More on Deborah Borda’s leaving the L.A. Phil

By Robert D. Thomas
Music Critic
Southern California News Group

As you can see by the post ABOVE Deborah Borda (pictured left) is leaving her position as President and CEO of the Los Angeles Philharmonic to take a similar position with the New York Philharmonic, effective Sept. 15.

It is a move that has rocked the classical music world, but in reading the various press reports I was struck by two reasons she advanced.

First, the move means that she and her partner, Coralie Toevs, assistant general manager for development at the Metropolitan Opera, will now be able to live in the same city as opposed to being 2,500 miles apart. Second was this quote: “This is an opportunity,” she said [to L.A. Times critic Mark Swed), “that won’t come up again.”

That’s undeniably true. At age 67, Borda would not likely have the chance to return to her native New York City and take on the NYPO challenge (one that she had already tried before coming to Los Angeles). So if that floats her boat, my feeling upon reading the news was, “You go, girl!”

If the news was shocking to the music world, one presumes that it wasn’t completely unthinkable to the L.A. Phil board, at least not if that group was doing its normal due diligence. Executives leave for any number of reasons when they reach her age and, one hopes, the LAPO board has had in place some sort of succession plan. In the short term, the Phil’s management seems very strong and capable of moving forward while the board undertakes its search for Borda’s successor. Various reports indicate that planning for the orchestra’s centennial season in 2018-2019 is well underway.

Nonetheless, the news brings to an abrupt close a magnificent chapter in the Phil’s history. During Borda’s 17-year-tenure she has balanced budgets, helped increase the orchestra’s endowment from $45 million to about $276 million, led the organization as it achieved remarkable labor relations with its musicians (there hasn’t been a work stoppage in half a century), was integrally involved in the opening of Walt Disney Concert Hall in 2003, and — in perhaps her greatest decision — gambled on a very young Gustavo Dudamel to succeed Esa-Pekka Salonen as the L.A. Phil’s music director.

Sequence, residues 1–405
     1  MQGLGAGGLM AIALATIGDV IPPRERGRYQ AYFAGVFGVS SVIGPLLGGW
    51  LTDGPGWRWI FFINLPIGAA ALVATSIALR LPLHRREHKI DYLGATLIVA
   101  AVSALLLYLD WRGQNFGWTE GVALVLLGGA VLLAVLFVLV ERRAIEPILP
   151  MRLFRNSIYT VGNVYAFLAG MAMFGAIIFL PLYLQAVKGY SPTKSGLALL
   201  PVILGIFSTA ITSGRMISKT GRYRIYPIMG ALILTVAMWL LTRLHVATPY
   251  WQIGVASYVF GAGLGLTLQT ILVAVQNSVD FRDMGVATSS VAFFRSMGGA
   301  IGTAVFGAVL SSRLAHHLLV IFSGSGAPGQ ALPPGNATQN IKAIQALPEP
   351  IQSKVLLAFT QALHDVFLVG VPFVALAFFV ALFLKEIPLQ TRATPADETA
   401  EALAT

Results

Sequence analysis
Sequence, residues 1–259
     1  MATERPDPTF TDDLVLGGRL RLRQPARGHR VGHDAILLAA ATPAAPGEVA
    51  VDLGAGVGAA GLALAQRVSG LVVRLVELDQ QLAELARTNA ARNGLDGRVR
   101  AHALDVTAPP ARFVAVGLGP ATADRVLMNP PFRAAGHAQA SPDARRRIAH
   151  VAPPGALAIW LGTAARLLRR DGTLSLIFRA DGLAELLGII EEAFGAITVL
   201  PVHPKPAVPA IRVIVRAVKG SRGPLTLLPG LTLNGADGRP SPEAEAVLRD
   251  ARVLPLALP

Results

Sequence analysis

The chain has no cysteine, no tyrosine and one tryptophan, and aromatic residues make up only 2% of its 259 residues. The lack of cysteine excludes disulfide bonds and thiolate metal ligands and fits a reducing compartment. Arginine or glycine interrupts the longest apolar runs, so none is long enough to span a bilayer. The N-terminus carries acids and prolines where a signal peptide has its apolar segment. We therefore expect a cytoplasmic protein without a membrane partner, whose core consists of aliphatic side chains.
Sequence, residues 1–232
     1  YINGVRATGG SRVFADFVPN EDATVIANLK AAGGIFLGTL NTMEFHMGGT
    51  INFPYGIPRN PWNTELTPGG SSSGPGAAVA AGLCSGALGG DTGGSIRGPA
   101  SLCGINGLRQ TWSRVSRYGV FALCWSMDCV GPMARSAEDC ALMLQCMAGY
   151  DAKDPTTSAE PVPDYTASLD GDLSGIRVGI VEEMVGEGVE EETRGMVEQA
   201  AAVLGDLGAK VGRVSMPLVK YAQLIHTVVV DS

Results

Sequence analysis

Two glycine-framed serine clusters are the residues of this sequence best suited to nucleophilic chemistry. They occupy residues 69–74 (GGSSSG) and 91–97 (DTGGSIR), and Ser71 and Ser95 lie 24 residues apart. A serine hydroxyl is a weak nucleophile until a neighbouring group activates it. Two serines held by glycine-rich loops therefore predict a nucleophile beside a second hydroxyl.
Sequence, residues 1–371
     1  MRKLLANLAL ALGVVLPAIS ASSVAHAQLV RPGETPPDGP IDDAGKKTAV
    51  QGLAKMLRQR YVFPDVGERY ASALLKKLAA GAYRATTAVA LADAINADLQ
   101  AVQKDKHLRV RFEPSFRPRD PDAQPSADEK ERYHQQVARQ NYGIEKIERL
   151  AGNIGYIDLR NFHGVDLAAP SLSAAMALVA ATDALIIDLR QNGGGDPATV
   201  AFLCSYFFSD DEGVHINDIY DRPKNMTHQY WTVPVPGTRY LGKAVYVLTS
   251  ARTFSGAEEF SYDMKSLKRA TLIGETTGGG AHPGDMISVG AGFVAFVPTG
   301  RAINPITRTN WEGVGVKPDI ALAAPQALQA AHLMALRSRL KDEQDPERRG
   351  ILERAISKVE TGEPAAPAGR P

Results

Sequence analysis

Borda has also been instrumental in continuing and expanding the Phil’s emphasis on creating new music, something that has made the LAPO the envy of the classical music world. In addition, she has nurtured an extensive number of young conductors who have moved on to major roles around the world, including Miguel Harth-Bedoya, Lionel Bringuier and Mirga Gražinytė-Tyla. In the upcoming season, Susanna Mälki will become the Phil’s Principal Guest Conductor, a title not used for more than 20 years at the Phil.

She certainly faces major challenges with the New York Philharmonic. The current music director, Alan Gilbert, leaves after this season and his replacement, Jaap van Zweden, doesn’t officially start until the 2018-2019 season. The Phil’s current home, David Geffen Hall (aka Avery Fisher Hall) will undergo a major renovation if Borda and her new board can manage to raise somewhere in the neighborhood of $400 million.

During the reconstruction the NYPO will be homeless for at least two years, although I suspect that Board will solve this problem with her usual innovative skills — in fact, I believe this will turn out to be the capstone of her tenure in New York.

I have only met Borda a couple of times and only, then, to say hello. Nonetheless, I — like everyone who has attended a Phil concert — owes her a huge “thank you” for her work here during the past 17 years. I hope for her sake and for the NYPO’s that she will be able to prove Thomas Wolfe wrong!
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(c) Copyright 2017, Robert D. Thomas. All rights reserved. Portions may be quoted with attribution.

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NEWS: Dudamel’s contract extension affects orchestras in Berlin, New York

By Robert D. Thomas
Music Critic
Los Angeles Newspaper Group